Space: Europe and space: Esa wants to land on Mars by 2030

Europe wants to be at the forefront of space travel, but will have to work hard not to be left behind in the race to the Moon, Mars and more.

Space: Europe and space: Esa wants to land on Mars by 2030

Europe wants to be at the forefront of space travel, but will have to work hard not to be left behind in the race to the Moon, Mars and more. There were repeated delays in the Ariane 6 flagship project of the European space agency Esa, now the launch vehicle should start next year if possible. The war in Ukraine also affects projects.

At the ESA Council of Ministers meeting in Paris on November 22nd and 23rd, the space agency is hoping for the green light from the 22 member countries for new and modified missions and a higher budget. For ESA boss Josef Aschbacher, the meeting is "the ultimate milestone for Europe and for space travel".

Without Russia, Esa needs more time and money

With the Russian war of aggression in Ukraine, the European-Russian mission "Exomars" was quickly put on hold. The start of the second part of the exploration mission with a rover on board towards Mars, which was planned for this year, has been stopped. The Esa now wants to continue the search for traces of life on the red planet without Russian help, but it needs more time and more money. A start in 2028 and a landing in 2030 is planned, as it was called. A separate model should be designed and tested with which the rover could be brought to Mars.

Overall, the space agency wants a three-year budget of around 18 billion euros approved. That would be a good quarter more than last time. The aim is to ensure that Europe has a strong and robust space infrastructure and does not drop out of the race, said Aschbacher.

What the ESA wants to achieve

The new Ariane 6 launch vehicle will be an important part of this infrastructure. Europe intends to use it to launch medium-sized and large satellites into space in the future. But the successor to the aging Ariane 5 should have completed its maiden flight long ago. Now it should take off for the first time in the fourth quarter of 2023 - three years later than planned.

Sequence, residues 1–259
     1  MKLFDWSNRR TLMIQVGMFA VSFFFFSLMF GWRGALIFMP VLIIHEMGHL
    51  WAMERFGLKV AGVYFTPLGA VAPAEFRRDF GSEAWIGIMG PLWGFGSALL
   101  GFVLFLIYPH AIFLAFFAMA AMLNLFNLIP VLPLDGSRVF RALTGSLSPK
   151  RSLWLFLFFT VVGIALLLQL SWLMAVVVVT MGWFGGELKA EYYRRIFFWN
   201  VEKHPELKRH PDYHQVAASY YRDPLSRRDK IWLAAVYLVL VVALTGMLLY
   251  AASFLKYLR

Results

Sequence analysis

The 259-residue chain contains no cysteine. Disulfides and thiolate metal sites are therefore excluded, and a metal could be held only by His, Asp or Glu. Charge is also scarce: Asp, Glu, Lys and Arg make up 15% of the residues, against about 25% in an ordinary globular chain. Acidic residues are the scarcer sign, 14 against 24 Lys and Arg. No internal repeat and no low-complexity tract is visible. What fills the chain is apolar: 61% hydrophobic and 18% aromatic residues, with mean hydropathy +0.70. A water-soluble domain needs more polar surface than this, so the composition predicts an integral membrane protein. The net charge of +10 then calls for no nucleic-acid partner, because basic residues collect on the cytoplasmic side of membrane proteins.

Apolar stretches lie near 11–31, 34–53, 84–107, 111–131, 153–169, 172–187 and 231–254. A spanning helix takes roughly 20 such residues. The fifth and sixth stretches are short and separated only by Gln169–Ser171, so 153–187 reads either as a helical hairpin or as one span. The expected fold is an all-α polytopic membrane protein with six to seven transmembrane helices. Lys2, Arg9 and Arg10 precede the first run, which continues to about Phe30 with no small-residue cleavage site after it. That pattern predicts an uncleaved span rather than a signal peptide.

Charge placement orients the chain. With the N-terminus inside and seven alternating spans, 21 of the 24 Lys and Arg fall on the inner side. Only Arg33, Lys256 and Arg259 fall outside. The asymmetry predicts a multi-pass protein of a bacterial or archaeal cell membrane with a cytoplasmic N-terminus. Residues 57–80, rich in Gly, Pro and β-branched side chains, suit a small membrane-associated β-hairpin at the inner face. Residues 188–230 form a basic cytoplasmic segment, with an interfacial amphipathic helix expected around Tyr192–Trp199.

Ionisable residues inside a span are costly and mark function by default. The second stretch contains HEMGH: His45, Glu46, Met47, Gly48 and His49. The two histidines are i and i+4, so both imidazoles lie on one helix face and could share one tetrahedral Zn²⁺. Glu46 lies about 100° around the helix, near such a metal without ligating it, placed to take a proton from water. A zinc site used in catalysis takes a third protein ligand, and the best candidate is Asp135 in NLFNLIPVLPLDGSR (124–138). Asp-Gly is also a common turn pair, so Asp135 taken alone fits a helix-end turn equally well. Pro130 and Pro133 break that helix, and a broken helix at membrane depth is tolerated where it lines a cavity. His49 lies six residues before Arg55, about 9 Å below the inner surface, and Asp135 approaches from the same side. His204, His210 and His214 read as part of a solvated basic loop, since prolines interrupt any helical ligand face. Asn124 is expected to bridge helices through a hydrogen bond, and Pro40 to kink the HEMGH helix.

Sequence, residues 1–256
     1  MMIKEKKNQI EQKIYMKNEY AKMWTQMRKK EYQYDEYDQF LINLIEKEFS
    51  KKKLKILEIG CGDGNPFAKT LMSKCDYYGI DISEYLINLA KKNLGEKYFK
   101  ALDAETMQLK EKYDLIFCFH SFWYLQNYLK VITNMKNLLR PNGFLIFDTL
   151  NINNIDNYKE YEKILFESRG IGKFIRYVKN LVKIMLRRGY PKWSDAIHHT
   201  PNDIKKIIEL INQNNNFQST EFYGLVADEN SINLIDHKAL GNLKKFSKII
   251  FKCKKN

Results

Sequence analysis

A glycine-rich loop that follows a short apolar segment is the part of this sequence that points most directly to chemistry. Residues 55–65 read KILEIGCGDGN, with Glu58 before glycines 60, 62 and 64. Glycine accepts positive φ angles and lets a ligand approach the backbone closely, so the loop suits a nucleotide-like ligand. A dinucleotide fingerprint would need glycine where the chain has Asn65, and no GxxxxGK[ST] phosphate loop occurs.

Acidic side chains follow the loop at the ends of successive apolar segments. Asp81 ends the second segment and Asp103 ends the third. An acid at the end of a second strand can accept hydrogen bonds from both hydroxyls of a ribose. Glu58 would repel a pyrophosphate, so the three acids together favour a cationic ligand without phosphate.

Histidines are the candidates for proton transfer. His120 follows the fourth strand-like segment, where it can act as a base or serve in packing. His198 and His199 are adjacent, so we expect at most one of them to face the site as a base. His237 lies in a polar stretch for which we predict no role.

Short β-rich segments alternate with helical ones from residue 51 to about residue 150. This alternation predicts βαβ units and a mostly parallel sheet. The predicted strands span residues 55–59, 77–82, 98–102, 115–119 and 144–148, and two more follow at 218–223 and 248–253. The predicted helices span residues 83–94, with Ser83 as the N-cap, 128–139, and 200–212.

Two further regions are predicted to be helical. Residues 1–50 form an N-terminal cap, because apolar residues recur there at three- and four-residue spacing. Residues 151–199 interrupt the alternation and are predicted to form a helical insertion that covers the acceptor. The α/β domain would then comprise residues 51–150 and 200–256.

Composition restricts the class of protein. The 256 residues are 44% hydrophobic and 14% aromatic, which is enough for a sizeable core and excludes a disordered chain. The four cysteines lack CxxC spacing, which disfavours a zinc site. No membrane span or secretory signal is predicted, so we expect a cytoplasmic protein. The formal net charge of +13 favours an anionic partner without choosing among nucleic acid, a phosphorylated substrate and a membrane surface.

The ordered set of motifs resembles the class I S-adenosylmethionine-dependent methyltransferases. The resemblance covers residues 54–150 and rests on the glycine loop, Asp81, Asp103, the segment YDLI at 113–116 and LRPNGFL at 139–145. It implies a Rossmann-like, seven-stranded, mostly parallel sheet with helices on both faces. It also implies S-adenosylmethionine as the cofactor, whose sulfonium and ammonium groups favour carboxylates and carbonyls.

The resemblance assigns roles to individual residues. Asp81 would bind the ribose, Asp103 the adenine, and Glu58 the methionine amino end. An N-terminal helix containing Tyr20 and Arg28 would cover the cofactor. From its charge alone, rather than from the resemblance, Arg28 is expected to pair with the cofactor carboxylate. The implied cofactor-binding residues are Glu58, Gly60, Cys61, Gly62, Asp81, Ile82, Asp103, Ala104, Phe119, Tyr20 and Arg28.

At the conference, Esa wants to propose various programs in order to be able to use the rocket and the Vega C, which was launched for the first time in July and is intended for the transport of smaller satellites, more flexibly. The Ariane 6 Block 2 version, for example, is to be presented as an improvement on Ariane 6, which could fly heavier loads into space. It should also be about the further development of the Vega C, the Vega E.

A secret is revealed

ESA saves one highlight for the end of the Council of Ministers meeting: On Wednesday afternoon, it wants to announce which of the more than 22,000 applicants has made it into the next training year for astronauts.

The space agency is looking for up to six permanent astronauts. In addition, she wants to create a reserve of astronauts and, together with a new astronaut with a physical disability, find out which barriers in space travel can and must be broken down.

The agency began searching for new astronauts in March last year. Candidates had to prove themselves for the chance to fly to the stars in a six-stage selection process.

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